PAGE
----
The Republic of Upper Volta was established on 11 December 1958 as a self-governing colony within the French Community and on 5 August 1960 it gained full independence.
China is the third largest country in the world by area and the largest country in the world by population. Properly known as the People’s Republic of China, the political territory of the country includes the former nations of Tibet and Hong Kong. The capital is Beijing.
Colombia, officially the Republic of Colombia, is a transcontinental country largely in the north of South America, with territories in North America. Colombia is bounded on the north by the Caribbean Sea, the northwest by Panama, the south by Ecuador and Peru, the east by Venezuela, the southeast by Brazil, and the west by the Pacific Ocean.
The capital is Bogotá, the country’s largest city. With over 50 million inhabitants Colombia is one of the most ethnically and linguistically diverse countries in the world. The Republic of Colombia was declared in 1886. Panama seceded in 1903.
Colombia’s territory encompasses Amazon rainforest, highlands, grasslands, and deserts, and it is the only country in South America with coastlines and islands along both the Atlantic and Pacific.
Djibouti, officially the Republic of Djibouti, is a country located in the Horn of Africa. The Republic of Djibouti is named after its capital city and joined the United Nations 20 September 1977 after voting for independence from France.
French and Arabic are the country’s two official languages. About 94% of residents adhere to Islam.
Djibouti is strategically located near some of the world’s busiest shipping lanes, controlling access to the Red Sea and Indian Ocean. It serves as a key refuelling and transshipment center, and is the principal maritime port for imports from and exports to neighboring Ethiopia. The nation is the site of various foreign military bases, including Camp Lemonnier.
Egypt, a country linking northeast Africa with the Middle East, dates to the time of the pharaohs. Millennia-old monuments sit along the fertile Nile River Valley, including Giza’s colossal Pyramids and Great Sphinx as well as Luxor’s hieroglyph-lined Karnak Temple and Valley of the Kings tombs.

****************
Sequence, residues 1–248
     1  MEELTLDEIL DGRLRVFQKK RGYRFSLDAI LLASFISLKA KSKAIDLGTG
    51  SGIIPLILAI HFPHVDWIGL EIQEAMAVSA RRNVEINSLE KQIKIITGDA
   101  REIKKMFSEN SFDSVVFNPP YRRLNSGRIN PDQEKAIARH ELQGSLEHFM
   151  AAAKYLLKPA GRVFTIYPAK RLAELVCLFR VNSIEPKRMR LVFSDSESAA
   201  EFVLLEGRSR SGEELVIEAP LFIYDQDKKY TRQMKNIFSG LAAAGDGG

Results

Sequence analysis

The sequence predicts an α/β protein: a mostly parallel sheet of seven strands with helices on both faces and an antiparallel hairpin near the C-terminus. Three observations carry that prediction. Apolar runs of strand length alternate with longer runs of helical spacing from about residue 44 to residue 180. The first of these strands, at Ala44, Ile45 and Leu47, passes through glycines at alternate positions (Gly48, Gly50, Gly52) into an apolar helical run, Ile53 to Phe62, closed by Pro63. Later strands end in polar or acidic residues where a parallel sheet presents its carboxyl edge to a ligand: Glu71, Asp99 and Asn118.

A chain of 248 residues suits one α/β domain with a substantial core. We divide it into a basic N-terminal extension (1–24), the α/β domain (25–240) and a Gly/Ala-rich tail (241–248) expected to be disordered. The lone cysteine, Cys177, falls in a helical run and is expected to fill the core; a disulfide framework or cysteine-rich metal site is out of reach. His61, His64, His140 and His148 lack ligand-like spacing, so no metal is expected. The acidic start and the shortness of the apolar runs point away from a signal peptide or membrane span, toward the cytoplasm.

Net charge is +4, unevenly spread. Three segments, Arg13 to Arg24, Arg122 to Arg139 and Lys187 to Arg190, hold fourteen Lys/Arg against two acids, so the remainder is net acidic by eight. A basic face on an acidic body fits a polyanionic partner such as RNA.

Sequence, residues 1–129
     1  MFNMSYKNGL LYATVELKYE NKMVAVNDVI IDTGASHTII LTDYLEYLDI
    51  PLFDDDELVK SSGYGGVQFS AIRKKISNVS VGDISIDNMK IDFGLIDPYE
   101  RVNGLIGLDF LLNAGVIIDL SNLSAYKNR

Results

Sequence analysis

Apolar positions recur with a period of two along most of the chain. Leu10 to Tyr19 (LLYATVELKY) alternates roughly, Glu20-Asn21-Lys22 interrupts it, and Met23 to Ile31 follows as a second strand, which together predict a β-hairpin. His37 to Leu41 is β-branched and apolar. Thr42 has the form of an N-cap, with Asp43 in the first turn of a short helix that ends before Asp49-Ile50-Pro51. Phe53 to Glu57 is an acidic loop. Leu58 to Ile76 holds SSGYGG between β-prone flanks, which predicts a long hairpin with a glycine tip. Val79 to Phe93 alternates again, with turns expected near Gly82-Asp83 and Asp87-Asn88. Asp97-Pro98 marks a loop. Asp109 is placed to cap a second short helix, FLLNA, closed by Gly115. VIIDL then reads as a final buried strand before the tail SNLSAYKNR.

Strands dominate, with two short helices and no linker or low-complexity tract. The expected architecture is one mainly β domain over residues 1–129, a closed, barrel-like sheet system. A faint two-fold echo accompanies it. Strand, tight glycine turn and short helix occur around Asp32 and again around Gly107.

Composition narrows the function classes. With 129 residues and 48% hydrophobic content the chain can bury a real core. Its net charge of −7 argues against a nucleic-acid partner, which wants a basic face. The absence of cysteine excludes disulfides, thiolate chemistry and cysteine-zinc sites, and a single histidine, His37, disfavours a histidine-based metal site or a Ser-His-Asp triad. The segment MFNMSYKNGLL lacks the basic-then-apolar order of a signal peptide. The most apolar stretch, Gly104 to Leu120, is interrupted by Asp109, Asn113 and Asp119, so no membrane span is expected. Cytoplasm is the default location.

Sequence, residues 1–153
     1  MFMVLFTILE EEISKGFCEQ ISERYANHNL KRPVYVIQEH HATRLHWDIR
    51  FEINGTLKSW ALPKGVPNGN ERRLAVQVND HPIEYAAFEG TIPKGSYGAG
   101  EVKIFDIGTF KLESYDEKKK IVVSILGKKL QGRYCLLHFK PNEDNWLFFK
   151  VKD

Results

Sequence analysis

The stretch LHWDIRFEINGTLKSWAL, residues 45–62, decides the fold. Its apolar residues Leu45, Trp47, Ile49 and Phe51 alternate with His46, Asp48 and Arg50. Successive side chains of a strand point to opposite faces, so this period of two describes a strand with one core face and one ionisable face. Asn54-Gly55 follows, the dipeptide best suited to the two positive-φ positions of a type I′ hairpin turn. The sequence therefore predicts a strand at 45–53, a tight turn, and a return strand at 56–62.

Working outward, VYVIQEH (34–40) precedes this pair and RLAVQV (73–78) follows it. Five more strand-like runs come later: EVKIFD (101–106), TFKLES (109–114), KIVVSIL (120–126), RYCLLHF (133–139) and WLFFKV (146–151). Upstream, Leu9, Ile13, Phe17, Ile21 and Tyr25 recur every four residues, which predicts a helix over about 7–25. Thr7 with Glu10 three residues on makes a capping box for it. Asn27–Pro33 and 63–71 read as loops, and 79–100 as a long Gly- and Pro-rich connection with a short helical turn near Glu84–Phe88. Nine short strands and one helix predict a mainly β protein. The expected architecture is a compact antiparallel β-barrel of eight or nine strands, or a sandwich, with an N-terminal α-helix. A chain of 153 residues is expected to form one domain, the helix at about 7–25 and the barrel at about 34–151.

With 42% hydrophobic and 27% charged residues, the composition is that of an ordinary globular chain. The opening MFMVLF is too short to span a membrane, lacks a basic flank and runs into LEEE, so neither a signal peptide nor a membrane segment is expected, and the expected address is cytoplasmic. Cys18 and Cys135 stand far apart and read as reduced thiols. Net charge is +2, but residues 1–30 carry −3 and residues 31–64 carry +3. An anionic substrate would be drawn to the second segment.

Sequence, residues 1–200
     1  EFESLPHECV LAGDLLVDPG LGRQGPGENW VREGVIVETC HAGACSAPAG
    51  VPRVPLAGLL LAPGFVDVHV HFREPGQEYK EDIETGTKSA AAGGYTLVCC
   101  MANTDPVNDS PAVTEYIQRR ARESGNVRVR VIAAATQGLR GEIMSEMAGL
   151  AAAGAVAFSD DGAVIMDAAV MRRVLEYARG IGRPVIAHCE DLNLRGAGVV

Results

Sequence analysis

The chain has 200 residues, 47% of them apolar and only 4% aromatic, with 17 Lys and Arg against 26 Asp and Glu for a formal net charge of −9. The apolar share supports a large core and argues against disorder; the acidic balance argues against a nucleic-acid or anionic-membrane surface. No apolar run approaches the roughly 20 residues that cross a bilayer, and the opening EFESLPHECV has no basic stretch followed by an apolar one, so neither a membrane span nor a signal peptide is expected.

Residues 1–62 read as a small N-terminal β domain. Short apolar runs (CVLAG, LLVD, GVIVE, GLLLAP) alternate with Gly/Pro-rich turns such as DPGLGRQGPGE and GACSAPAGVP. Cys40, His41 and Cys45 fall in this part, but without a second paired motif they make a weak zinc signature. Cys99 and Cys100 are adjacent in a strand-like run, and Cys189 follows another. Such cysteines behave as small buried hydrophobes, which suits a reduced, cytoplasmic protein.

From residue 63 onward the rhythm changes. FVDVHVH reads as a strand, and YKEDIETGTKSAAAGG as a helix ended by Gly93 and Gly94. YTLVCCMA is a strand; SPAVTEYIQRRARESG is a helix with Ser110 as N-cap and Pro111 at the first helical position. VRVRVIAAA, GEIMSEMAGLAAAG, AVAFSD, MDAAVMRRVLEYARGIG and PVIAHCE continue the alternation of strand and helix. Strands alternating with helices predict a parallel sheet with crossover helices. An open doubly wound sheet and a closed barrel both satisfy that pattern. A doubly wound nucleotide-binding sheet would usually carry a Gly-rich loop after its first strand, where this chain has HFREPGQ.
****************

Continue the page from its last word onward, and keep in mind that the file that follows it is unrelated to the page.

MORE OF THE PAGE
The capital, Cairo, is home to Ottoman landmarks like Muhammad Ali Mosque and the Egyptian Museum, a trove of antiquities.
India, officially the Republic of India, is a country in South Asia. It is the second-most populous country, the seventh-largest country by land area, and the most populous democracy in the world. New Delhi is the capital.
It has an exceptionally diverse population, with Hindus, Muslims, Christians, Sikhs, Buddhists, Jains and other religions speaking over 21 recognised languages.
Ireland is an island in the North Atlantic. It is separated from Great Britain to its east by the North Channel, the Irish Sea, and St George’s Channel.
Geopolitically, Ireland is divided between the Republic of Ireland (officially named Ireland), which covers five-sixths of the island, and Northern Ireland, which is part of the United Kingdom. As of 2016, 4.8 million people live in the Republic of Ireland, and 1.8 million live in Northern Ireland.
The Irish climate is influenced by the Atlantic Ocean and thus very moderate, and winters are milder than expected for such a northerly area, although summers are cooler than those in continental Europe. Rainfall and cloud cover are abundant.
A strong Irish culture exists, as expressed through Gaelic games, Irish music and the Irish language. The island’s culture shares many features with that of Great Britain, including the English language, and sports such as association football, rugby, horse racing, and golf.
Lebanon, officially known as the Lebanese Republic, is a country in the Levant region of Western Asia, and the transcontinental region of the Middle East.
The official language, Arabic, is the most common language spoken by the citizens of Lebanon. Its capital is Beirut.
Lebanon was a founding member of the United Nations in 1945 and is a member of the Arab League (1945), the Non-Aligned Movement (1961), Organisation of the Islamic Cooperation (1969), and the Organisation internationale de la francophonie (1973).
Liberia is a country in West Africa, bordering Sierra Leone, Guinea and Côte d’Ivoire. On the Atlantic coast, the capital city of Monrovia is home to the Liberia National Museum, with its exhibits on national culture and history. Around Monrovia are palm-lined beaches like Silver and CeCe. Along the coast, beach towns include the port of Buchanan, as well as laid-back Robertsport, known for its strong surf.
Libya, officially the State of Libya, is a country in the Maghreb region in North Africa, bordered by the Mediterranean Sea to the north, Egypt to the east, Sudan to the southeast, Chad to the south, Niger to the southwest, Algeria to the west, and Tunisia to the northwest.
The sovereign state is made of three historical regions: Tripolitania, Fezzan and Cyrenaica. The largest city and capital, Tripoli, is located in western Libya and contains over three million of Libya’s seven million people. The second-largest city is Benghazi, which is located in eastern Libya.
Libya became independent as a kingdom in 1951. A military coup in 1969 overthrew King Idris I. Parts of Libya are currently split between rival Tobruk and Tripoli-based governments, as well as various tribal and Islamist militias.
Libya is a member of the United Nations (since 1955), the Non-Aligned Movement, the Arab League, the OIC and OPEC. The country’s official religion is Islam, with 96.6% of the Libyan population being Sunni Muslims.